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I want to compute the fundamental group of $\{x : \|x\| < 1\}$. It should be trivial as I can contract to one point. What is wrong with the following method?

Consider the map $H(x, t) = (1 - t)x + tx/(2\|x\|)$. We claim that $H$ is a deformation retraction of $X = \{x : \|x\| < 1\}$ onto $A = \{x : \|x\| = 1/2\}$. We have $H(x, 0) = x$ and $H(x, 1) \in A$ for all $x \in X$ and $H(a, t) = a$ for all $a \in A$. Since $A$ is homeomorphic to $S^{1}$, it follows that $\pi_{1}(X) = \mathbb{Z}$. What is wrong with this proof?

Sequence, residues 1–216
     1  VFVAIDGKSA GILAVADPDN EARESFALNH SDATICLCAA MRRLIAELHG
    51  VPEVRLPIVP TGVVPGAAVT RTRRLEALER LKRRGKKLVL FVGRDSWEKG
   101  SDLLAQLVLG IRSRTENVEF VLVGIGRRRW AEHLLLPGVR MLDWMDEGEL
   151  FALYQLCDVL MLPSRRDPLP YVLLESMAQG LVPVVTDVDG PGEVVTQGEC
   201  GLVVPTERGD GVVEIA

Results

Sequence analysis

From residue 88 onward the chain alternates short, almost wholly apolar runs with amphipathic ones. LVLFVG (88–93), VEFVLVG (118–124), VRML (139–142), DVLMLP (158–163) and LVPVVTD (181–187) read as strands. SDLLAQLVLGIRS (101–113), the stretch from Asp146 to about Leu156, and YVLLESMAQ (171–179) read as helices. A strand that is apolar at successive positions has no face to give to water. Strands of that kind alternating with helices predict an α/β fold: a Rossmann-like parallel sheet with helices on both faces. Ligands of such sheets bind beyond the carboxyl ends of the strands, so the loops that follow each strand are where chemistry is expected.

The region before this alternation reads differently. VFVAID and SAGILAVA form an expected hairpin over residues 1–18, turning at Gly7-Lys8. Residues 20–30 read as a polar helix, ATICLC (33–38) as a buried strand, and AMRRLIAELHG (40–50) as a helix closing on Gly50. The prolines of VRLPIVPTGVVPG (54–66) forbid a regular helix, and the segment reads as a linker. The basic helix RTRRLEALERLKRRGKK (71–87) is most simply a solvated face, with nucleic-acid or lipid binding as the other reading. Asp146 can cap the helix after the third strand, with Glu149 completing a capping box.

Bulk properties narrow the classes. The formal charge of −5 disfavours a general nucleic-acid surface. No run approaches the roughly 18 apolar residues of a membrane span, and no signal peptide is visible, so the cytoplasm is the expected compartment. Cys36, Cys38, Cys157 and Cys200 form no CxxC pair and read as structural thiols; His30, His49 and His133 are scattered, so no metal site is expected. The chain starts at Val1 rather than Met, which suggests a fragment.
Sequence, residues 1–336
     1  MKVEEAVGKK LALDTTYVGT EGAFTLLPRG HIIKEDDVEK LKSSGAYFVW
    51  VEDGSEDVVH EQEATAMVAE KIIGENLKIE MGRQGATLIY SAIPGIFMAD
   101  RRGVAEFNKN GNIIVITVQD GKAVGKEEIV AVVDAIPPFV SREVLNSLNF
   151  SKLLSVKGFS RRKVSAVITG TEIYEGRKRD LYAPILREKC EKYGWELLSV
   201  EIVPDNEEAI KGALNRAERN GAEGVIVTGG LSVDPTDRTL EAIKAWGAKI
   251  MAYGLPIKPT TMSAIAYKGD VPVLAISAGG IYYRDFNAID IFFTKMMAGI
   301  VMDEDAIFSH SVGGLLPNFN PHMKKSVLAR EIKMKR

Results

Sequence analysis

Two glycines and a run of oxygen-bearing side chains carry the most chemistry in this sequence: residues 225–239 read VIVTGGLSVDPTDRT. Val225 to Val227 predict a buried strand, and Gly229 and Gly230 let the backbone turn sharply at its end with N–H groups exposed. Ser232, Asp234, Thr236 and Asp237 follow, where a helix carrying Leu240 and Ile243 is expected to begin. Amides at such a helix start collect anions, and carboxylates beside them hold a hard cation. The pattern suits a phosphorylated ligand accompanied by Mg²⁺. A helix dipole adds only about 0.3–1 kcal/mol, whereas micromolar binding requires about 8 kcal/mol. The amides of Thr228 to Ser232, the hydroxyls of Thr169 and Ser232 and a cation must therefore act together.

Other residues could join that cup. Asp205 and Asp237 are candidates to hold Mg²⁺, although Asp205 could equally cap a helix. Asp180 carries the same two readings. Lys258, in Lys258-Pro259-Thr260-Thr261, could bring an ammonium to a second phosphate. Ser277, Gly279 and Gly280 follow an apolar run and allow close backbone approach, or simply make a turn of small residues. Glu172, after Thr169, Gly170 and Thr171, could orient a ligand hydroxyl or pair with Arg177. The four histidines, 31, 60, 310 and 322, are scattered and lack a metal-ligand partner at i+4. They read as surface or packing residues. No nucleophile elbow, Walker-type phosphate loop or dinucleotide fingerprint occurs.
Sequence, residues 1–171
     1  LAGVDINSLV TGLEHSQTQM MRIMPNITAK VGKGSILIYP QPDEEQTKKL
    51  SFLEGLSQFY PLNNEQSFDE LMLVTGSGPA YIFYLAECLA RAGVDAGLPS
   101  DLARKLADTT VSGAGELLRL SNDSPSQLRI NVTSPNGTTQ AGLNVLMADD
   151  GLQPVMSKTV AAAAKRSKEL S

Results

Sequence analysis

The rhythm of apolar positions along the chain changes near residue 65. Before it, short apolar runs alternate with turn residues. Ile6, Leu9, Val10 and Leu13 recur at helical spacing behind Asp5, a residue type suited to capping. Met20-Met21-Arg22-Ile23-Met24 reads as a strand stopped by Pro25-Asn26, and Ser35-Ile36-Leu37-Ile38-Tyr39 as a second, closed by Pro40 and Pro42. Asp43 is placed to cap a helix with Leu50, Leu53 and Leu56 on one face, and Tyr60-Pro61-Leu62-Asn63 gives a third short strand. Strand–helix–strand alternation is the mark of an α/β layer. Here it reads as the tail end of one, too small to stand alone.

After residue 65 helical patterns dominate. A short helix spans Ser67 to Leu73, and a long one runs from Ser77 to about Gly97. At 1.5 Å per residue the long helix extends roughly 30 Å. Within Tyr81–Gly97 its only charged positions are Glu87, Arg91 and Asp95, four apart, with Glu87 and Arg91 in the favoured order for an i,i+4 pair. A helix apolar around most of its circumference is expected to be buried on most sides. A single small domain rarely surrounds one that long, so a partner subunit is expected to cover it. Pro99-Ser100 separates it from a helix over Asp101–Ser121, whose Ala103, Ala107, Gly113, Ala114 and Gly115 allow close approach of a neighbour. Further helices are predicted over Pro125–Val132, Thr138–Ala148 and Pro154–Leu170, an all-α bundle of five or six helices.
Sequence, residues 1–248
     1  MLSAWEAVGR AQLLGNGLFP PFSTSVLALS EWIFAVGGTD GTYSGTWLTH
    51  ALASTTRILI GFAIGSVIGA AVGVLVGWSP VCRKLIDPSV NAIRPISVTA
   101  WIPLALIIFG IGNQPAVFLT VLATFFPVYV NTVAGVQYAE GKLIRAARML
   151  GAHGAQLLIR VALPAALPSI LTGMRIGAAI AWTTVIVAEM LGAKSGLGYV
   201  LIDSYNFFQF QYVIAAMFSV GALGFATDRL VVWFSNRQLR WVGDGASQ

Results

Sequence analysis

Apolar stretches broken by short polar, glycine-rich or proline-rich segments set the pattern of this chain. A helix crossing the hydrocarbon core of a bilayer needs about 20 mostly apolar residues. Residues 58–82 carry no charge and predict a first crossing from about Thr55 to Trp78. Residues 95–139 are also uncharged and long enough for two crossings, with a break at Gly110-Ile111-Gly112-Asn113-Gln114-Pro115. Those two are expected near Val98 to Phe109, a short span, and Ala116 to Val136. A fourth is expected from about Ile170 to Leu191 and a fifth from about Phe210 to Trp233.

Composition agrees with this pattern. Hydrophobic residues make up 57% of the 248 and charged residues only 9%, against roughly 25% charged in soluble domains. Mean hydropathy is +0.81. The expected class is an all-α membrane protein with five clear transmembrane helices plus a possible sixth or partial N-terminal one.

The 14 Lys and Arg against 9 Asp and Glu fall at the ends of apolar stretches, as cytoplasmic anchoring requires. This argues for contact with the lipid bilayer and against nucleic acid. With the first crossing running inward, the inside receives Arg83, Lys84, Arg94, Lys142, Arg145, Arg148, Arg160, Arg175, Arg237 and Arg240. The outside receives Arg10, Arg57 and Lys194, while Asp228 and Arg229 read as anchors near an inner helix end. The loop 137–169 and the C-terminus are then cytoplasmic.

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Your retraction is not defined at $x=(0,0)$. If you had considered the punctured disk there would be no problem.

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Your map is ill-defined, e.g. since you have

$$ H(\vec{0},1) = \vec{0} / 0$$

and there is no way to continuously extend $H$ to fill things in.

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the problem is that the map $x \mapsto x/||x||$ is not well defined in $0$.

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